In the other semi-final, played on a different continent and time zone, France and Romania were poised at 1-1 after Saturday’s action in Rouen.

Romanian fans almost equalled the French and the noise was deafening as Simona Halep defeated Kristina Mladenovic, 6-3 6-1, to put her country ahead.

Caroline Garcia got the home crowd baying their approval with a far more straightforward 6-3 6-3 victory over Mihaela Buzarnescu, to leave the tie evenly balanced.

French captain Julien Benneteau nominated Mladenovic as his No 2 singles player because she had the best chance to beat Halep but the Romanian was in no mood to be defeated by anyone, although the scoreline concealed a fight lasting an hour and 40 minutes.

It was her 8th straight victory in Fed Cup singles, amid an atmosphere which can only be described as utterly stonking.

In a riveting 55-minute opening set, Halep appeared entirely at home as she poured the pressure on her gritty opponent, racking up handfuls of break points right from the off, until Mladenovic yielded for 2-3.

The Frenchwoman was going for the lines, and while that naturally risked error, she was also doing damage.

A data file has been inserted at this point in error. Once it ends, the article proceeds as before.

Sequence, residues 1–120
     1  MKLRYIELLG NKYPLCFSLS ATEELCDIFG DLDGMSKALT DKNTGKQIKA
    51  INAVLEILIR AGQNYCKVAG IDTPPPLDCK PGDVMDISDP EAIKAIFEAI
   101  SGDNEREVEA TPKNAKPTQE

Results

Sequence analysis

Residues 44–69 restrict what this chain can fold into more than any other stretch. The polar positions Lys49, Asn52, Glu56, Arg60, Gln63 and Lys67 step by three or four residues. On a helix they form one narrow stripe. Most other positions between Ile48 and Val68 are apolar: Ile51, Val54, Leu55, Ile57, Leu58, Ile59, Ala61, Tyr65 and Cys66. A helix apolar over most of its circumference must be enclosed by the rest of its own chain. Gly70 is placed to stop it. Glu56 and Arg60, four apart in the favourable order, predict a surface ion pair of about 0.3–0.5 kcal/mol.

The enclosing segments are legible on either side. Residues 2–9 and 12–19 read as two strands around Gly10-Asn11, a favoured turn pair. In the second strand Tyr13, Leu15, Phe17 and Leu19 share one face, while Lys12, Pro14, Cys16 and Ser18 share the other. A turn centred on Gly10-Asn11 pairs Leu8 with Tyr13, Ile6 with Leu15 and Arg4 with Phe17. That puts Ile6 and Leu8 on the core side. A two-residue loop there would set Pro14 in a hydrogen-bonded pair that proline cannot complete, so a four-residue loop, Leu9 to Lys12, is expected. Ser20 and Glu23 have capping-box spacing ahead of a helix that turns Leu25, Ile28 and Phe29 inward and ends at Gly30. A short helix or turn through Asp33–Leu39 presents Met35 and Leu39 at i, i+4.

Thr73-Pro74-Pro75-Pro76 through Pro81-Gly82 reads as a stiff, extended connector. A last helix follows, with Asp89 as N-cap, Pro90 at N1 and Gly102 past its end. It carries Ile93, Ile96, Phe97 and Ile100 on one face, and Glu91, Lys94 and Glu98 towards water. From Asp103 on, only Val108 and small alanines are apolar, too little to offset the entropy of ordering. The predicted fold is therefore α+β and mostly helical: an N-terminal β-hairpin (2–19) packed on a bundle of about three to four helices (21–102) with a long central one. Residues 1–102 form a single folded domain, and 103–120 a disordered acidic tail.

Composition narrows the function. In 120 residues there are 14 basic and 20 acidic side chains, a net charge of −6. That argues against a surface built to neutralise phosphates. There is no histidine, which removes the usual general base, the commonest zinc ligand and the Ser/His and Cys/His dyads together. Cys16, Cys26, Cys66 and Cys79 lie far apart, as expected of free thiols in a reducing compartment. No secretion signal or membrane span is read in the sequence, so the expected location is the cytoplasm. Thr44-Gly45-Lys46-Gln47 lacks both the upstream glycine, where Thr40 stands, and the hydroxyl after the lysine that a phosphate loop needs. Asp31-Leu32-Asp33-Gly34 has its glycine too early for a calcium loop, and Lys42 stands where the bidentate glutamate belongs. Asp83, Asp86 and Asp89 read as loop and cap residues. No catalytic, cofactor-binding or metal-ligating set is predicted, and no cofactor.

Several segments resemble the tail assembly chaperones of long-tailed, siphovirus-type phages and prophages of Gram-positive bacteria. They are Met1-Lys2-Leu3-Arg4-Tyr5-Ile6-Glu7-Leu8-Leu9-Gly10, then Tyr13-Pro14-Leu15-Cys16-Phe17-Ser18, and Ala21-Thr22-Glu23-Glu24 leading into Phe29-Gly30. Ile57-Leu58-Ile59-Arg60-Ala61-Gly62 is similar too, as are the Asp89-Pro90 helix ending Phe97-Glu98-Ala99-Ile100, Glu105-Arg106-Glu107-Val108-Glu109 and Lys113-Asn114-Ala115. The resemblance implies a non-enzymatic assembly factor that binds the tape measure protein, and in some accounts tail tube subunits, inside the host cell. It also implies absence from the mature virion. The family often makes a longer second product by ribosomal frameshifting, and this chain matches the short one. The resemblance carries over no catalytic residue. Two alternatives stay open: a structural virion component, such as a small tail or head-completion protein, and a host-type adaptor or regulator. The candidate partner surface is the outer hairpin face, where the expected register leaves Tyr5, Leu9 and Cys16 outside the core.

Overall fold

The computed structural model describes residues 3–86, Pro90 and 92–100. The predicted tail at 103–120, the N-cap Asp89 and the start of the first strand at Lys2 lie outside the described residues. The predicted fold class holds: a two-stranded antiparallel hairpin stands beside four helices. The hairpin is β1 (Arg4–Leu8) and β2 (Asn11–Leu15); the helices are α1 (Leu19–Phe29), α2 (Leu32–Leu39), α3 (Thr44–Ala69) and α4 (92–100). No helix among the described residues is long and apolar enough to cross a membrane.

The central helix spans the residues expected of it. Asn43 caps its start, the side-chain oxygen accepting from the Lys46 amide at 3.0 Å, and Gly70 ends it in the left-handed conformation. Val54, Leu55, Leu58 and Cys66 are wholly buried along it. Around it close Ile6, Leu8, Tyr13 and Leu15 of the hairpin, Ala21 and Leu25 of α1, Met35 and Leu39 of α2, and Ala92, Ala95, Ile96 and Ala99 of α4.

A power forehand skidded off the indoor clay past the Roland Garros champion to put the set back on serve, but a game later the advantage was restored.

It took 14 minutes and 5 deuces, but a mighty Halep backhand down the line sealed it, and the Romanian roaring.

Mladenovic spirit never flagged, but Halep’s eagerness to shoulder the burden of expectation for her nation is fearsome.

France dug deep, only to reveal the mental strain when she double-faulted for 1-3, and from there her vulnerability only increased.

Halep has stated plainly that it is her intention to capture the Fed Cup in 2019.

“Why this year particularly?” she said, in answer to FedCup.com’s question.

“I’ve won a Grand Slam, I’ve been No 1 in the world, and now the next goal is this. It’s an important moment.